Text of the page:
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Building Slow-Growing Triceps

Everything you need to know about building your triceps but were afraid to ask.

By Michael Schletter, CSCS*D, NSCA-CPT*D


Everyone is given a genetic gift when it comes to growing muscle. Some guys have ripped abs no matter what and some guys have biceps that grow like weeds. However, for every gift one is given, there will be one bodypart that doesn’t grow like the rest of them. Usually, this is out of plain old neglect (yes, I’m looking at you gym “bros” who don’t do legs), but sometimes it just seems like the part you want to grow the most is the one that just never does, regardless of how hard you work on it. For many, that’s the triceps.


The Science Behind Your Guns

First, let’s review some basic human biology. To build muscle, you need to increase the rate of muscle protein synthesis (the creation of muscle proteins and thus bigger muscles) above the rate at which your body is breaking it down. The biological pathway that signals the body to build more muscle is called mTOR, and that pathway is controlled by your blood amino acid profile – that’s how much of each amino acid is circulating in your blood at any given time.

The most important amino acid involved with this pathway is leucine. Leucine activates the mTOR pathway. Unfortunately, no amount of working out will magically cause your body to increase blood levels of leucine. In fact, leucine is one of the three amino acids your body simply can’t synthesize, so it’s therefore called an essential amino acid. Sorry vegans, you can’t get it without a protein supplement. Leucine can be found in most animal-based protein products (like chicken, eggs, beef, fish, etc) and is also sold as a branched-chain amino acid (BCAA) supplement. It’s usually delivered in combination with the other two essential amino acids: Isoleucine and valine.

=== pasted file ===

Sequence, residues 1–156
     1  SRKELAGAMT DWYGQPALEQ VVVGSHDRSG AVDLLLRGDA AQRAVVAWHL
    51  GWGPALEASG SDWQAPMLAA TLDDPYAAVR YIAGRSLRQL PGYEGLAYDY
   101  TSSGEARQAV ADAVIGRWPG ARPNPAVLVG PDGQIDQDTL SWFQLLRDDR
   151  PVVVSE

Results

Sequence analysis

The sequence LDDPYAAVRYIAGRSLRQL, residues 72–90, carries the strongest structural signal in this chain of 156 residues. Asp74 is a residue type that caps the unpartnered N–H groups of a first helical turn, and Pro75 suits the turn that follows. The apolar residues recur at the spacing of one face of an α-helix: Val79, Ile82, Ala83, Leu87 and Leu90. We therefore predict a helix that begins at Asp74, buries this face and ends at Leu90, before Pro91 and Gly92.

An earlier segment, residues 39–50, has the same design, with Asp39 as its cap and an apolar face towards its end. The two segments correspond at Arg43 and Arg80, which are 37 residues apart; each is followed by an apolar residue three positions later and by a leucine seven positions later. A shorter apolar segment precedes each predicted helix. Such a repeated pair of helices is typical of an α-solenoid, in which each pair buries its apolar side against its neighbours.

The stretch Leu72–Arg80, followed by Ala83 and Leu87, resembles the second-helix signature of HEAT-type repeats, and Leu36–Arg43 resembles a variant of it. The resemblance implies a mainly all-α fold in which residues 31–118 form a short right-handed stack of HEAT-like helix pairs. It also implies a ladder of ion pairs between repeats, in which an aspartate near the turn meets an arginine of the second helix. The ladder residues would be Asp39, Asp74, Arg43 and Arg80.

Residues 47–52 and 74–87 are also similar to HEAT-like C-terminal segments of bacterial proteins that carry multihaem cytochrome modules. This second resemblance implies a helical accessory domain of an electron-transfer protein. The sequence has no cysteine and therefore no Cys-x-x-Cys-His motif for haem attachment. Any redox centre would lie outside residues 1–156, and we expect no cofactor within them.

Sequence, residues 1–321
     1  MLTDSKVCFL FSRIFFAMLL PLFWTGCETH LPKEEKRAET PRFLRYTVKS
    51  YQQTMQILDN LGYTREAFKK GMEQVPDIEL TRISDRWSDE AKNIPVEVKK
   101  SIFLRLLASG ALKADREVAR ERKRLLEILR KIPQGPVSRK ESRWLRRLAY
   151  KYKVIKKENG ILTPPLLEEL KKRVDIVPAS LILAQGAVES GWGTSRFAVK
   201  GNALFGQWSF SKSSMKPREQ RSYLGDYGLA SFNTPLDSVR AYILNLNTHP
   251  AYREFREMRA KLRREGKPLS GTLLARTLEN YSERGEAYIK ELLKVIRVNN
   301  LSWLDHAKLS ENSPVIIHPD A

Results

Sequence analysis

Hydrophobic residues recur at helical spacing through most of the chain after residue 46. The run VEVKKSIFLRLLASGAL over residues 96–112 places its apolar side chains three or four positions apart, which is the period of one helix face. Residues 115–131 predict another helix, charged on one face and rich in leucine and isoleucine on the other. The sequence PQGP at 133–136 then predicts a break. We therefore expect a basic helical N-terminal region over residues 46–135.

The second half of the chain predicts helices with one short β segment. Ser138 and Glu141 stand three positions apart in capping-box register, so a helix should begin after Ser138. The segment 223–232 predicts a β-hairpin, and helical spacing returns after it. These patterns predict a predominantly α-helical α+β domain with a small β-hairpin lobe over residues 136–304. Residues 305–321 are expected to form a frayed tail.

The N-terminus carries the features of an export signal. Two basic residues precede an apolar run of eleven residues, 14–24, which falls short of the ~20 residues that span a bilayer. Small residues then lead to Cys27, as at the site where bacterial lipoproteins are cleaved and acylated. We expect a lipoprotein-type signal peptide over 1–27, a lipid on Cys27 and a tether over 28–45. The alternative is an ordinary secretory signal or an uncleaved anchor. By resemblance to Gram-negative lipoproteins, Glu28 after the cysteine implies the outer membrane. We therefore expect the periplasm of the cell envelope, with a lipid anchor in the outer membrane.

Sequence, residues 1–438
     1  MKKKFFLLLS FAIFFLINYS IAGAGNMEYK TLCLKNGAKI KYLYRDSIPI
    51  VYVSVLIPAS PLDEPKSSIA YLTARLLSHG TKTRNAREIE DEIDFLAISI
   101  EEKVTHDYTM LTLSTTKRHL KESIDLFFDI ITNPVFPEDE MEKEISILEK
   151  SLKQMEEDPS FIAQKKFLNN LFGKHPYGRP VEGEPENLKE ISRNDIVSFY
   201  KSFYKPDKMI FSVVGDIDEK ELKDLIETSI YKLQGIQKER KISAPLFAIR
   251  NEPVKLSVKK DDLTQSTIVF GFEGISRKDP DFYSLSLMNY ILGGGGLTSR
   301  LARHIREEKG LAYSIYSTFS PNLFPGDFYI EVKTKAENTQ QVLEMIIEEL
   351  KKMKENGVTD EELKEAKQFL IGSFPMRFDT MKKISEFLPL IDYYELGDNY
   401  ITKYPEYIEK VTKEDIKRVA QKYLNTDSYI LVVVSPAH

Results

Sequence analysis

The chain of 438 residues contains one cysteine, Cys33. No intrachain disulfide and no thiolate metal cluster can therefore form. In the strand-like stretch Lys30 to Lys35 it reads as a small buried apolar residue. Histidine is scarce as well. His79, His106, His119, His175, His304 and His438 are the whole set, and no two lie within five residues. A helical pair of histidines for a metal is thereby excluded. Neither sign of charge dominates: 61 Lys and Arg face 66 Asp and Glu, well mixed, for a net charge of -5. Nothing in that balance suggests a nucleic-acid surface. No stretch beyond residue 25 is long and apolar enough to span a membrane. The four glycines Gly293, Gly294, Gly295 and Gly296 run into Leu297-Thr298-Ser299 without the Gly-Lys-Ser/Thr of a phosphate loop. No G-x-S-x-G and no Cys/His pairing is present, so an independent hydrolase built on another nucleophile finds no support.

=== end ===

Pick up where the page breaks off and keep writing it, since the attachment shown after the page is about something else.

Another pretty awesome benefit of leucine is that when the body breaks it down in the muscles, another substance is formed as a result of this breakdown: HMB. What you need to know about HMB, as a lifter, is that it’s an extremely powerful anti-catabolic substance, meaning it prevents the body from eating its own muscle tissue. However, only about 3 to 5 percent of the leucine you take in is converted to HMB. The rest is used to build muscle and stimulate mTOR.

Of course, you can buy HMB as a supplement. I recommend the calcium salt form (it comes as a free acid too). Consider taking it three times a day with your breakfast, lunch and dinner. It’ll provide an anti-catabolic muscle shield, so to speak, pretty much around the clock. As long as you are consuming enough calories, your body will be in a near-constant anabolic state (which means it’s building things, namely muscle).

You’re probably wondering, what about the workout? Slow down! We first need to explain the anatomy and muscle actions of the triceps. The triceps is a three-headed muscle that, generally speaking, originates in the shoulder region and inserts just below the elbow, on the posterior (back) side of the arm. The three heads are called the medial head (closest to your ribs), long head (on the back side of your arm, forms the inside of the wishbone) and lateral head (on the outside of your arm, forms the outside of the wishbone). The muscle actions the triceps performs are various and essential: It pulls your elbow down from an overhead position, extends your elbow (straightens your arm) and also plays a role in pronation of your hand (turns your hand palm-down).